Anne Eliot, the heroine of Jane Austen’s last and greatest novel, Persuasion, is described as possessing “an elegance of mind and sweetness of character”, something that seems to have been forgotten in Netflix’s new adaptation (available from Friday). This Anne – portrayed by Dakota Johnson – is liable to make a fool of herself, prone to drinking and outwardly delights in the fall of her ridiculous family. As in the novel, viewers first meet Anne aged seven-and-twenty, unforgivably single and still hopelessly in love with the dashing Frederick Wentworth, who she was persuaded to reject eight years ago. When she learns that Wentworth has returned to the country as a wealthy Captain in the Navy, Anne takes to her bed. He “was the only person who ever really saw me," she sobs. Thus begins Persuasion.
And who doesn’t enjoy a good lovers-to-exes-to-friends-to-lovers story? It’s very #relatable, and is ripe fodder for an adaptation seeking to add an injection of Gen Z sensibilities. Indeed, Netflix have worked hard to ensure this adaptation will appeal to those who spend as much time online as they do reading Austen. It’s impossible to look at Anne as played by Johnson without recalling one commenter’s description her as having the face “of someone who knows what an iPhone is". Yet for this new adaptation, that seems precisely to be the point.
Anne is no longer the overlooked sister in the corner, quietly judging those she sees as below par, but a Fleabag-Bridget Jones hybrid of spontaneous outbursts and awkward encounters. The language follows suit and jostles for space between direct quotes from the source material and a contemporary vernacular that wouldn’t sound out of place on Love Island. One character declares that, “if you’re a five in London, you’re a 10 in Bath” and Anne’s sister Mary speaks of being “an empath” and needing some “self-care”. Imagine the string quartet covers of pop songs in Bridgerton but turned into a whole film. It feels designed to go viral, and no doubt it will.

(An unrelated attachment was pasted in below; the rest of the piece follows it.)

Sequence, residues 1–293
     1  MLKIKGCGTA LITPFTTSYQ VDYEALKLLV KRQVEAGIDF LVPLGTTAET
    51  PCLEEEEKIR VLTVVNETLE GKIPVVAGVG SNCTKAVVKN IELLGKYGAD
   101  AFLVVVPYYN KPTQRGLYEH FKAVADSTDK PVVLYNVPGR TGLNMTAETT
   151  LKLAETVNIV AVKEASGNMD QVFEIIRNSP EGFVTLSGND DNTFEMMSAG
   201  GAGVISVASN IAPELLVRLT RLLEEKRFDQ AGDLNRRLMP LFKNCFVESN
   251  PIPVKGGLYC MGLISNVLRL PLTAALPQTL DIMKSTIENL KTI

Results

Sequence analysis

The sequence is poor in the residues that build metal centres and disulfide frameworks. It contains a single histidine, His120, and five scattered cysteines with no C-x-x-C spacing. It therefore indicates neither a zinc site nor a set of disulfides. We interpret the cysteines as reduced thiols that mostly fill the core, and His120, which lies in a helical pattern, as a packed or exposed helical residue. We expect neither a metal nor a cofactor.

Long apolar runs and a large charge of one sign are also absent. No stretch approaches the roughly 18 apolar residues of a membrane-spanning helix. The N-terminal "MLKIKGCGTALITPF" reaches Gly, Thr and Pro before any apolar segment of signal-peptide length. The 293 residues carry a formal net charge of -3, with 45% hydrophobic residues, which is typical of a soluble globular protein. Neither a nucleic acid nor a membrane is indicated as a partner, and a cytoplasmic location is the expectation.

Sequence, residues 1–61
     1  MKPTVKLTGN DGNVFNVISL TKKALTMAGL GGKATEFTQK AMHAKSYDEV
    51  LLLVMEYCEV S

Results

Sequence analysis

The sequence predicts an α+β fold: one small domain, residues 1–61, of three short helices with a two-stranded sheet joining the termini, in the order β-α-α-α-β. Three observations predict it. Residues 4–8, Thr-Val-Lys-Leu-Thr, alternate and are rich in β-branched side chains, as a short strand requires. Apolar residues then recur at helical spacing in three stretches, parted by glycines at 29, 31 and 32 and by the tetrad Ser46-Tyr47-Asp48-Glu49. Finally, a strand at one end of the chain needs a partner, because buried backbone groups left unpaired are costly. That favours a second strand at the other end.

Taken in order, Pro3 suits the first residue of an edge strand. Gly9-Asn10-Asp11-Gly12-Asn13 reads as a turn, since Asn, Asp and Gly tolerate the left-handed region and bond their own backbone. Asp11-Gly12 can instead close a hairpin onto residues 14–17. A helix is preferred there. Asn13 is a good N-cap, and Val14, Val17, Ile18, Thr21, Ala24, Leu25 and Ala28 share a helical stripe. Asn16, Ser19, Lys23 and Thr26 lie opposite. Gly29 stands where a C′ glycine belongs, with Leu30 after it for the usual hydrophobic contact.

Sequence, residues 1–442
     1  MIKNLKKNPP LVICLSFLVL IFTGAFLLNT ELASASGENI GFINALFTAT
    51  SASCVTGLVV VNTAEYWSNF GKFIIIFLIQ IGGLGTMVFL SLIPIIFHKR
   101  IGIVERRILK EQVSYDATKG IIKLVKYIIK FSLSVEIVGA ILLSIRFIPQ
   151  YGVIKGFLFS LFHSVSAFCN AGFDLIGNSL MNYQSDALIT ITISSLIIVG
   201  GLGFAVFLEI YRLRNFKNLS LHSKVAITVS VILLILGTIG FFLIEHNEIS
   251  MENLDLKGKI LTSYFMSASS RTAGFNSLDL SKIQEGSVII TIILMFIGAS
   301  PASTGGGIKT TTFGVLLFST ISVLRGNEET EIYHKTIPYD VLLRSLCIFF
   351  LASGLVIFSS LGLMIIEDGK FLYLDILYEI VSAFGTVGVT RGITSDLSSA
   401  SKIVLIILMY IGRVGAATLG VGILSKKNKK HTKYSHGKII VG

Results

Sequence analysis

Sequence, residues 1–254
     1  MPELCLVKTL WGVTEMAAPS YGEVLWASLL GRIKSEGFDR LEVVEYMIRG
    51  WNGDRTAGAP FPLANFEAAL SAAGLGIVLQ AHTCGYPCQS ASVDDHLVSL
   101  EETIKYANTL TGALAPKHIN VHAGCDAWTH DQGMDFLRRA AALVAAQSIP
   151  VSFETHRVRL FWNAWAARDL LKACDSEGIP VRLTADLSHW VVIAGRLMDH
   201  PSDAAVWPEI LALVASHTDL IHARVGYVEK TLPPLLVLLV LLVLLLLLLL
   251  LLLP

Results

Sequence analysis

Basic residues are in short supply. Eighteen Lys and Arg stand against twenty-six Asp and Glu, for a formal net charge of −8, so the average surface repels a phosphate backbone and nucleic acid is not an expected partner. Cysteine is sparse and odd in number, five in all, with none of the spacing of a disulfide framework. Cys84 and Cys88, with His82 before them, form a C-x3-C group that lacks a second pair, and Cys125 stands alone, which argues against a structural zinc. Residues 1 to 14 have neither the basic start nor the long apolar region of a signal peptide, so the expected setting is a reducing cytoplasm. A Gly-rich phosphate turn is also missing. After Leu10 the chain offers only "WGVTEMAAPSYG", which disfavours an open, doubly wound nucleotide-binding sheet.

And to the filmmaker’s credit, it almost works. Netflix’s Persuasion is often funny; there’s a thrill in hearing such usually uptight characters make sexy jokes about “calling cards”. It’s trying something, at least. All adaptations are a product of their time; without modernisation we would have no Clueless (a great loss), but it’s impossible not to feel that Austen’s razor-sharp prose has been slighted in this shift. Take, for example Austen’s heart-wrenching description of Anne and Wentworth’s first meeting: